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The NFL just hired their first female ref. Here's why that's huge news.

She's the NFL's first female referee, and here's how she shattered football's glass ceiling.

The NFL just hired their first female ref. Here's why that's huge news.

This football season, there'll be an unfamiliar face running up and down the sidelines: referee Sarah Thomas.

Thomas will become the first woman hired by the NFL as a full-time official, an achievement more than a decade in the making.

Sarah Thomas officiated her first high school football game 16 years ago. Building on her experience, she gradually rose through the football ranks.


By 2007, Thomas had worked her way up to officiating at the top tier of college football. In 2009, she became the first woman to work a bowl game. In 2013, she earned a place alongside 20 other finalists vying for a spot refereeing at the highest level in football: the NFL.

In a 2013 interview, Thomas told a CBS reporter that she never set out to shatter the glass ceiling — but she has. Over and over and over again.

Thomas won't be the first woman to officiate a game, but she will be the first hired full-time by the NFL.

In 2012, the NFL and the NFL Referees Association were involved in a contract dispute and, unfortunately, were not able to reach an agreement before the season started. The NFL used non-union replacement refs, one of whom was Shannon Eastin, a lower-level college ref who hadn't gone through the NFL's development program.

On September 9, 2012, Eastin worked her first NFL game between the St. Louis Rams and the Detroit Lions.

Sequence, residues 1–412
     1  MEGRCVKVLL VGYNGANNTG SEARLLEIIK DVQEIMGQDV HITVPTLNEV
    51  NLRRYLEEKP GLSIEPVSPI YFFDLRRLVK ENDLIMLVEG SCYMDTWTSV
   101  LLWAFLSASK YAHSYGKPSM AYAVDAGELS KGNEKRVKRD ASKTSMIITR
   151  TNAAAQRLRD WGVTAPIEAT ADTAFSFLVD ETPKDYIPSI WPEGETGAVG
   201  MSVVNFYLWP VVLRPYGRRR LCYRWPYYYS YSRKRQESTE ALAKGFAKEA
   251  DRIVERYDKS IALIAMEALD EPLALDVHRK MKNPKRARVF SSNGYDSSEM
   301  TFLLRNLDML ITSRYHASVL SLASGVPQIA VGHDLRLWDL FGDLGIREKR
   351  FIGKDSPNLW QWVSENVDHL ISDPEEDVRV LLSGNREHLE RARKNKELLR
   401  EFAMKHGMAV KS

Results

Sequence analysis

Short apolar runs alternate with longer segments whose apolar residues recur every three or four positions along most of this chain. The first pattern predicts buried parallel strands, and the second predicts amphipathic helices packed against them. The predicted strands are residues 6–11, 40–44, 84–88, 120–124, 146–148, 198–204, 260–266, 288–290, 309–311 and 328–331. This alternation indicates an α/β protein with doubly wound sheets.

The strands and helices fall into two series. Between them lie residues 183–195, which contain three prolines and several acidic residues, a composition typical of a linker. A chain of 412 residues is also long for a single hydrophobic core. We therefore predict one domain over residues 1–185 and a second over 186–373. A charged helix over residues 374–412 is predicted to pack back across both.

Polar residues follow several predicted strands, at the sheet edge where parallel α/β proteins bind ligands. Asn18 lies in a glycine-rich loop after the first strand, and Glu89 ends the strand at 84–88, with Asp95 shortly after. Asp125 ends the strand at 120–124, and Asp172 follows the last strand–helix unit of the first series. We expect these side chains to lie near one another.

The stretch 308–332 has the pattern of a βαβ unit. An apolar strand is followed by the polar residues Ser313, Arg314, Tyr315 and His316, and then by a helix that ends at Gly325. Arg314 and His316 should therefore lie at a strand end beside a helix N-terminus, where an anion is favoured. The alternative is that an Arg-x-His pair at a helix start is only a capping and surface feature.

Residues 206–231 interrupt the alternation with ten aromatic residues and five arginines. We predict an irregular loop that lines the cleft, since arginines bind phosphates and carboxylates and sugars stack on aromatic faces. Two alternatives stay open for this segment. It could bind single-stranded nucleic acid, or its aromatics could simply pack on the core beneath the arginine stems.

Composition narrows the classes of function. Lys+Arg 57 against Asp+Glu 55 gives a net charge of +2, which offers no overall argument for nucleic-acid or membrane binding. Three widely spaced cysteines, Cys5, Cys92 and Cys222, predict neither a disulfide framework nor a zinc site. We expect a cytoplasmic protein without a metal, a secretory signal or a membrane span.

On September 26, 2012, the NFL and NFLRA came to an agreement, and Eastin's time in the NFL was over.

Women have been making themselves heard in the male-dominated sporting world — especially in recent years.

In 1997, Violet Palmer became the first woman to referee an NBA basketball game.

That same year, Dee Kantner also officiated NBA games, and for five years, the two were the only women on the court. In 2002, however, Kantner was fired by the NBA, leaving just Palmer. In 2014, the NBA hired Lauren Holtkamp, making her just the third full-time referee in the league's history.

In total Palmer has refereed more than 900 NBA games.

Because of the hard work of people like Palmer, other women have been able to work their way through the ranks.

Palmer knew that, as a pioneer, she had a target on her back. She managed to silence criticism by being one of the league's top referees.

In 2014, basketball's San Antonio Spurs hired Becky Hammon as a full-time assistant coach.

Hammon's hire made her the first woman brought on as a full-time coach in NBA history.

Prior to her hire, Hammon played 16 years in the WNBA, and she was a two-time representative of the Russian Olympic team (2008, 2012).


Like Hammon and Palmer, Sarah Thomas got where she is through years of hard work.

No one can — in good faith — look at someone who's devoted more than a quarter of their life to making it to the top level and argue that she's not fit to hold the job. Thomas climbed the ranks of football officiating, and now she's finally getting her shot. This is a huge achievement absolutely deserving of celebration.

Watch a CBS report on Sarah Thomas below:

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In 1945, the world had just endured the bloodiest war in history. World leaders were determined to not repeat the mistakes of the past. They wanted to build a better future, one free from the "scourge of war" so they signed the UN Charter — creating a global organization of nations that could deter and repel aggressors, mediate conflicts and broker armistices, and ensure collective progress.

Over the following 75 years, the UN played an essential role in preventing, mitigating or resolving conflicts all over the world. It faced new challenges and new threats — including the spread of nuclear weapons and other weapons of mass destruction, a Cold War and brutal civil wars, transnational terrorism and genocides. Today, the UN faces new tensions: shifting and more hostile geopolitics, digital weaponization, a global pandemic, and more.

This slideshow shows how the UN has worked to build peace and security around the world:

1 / 12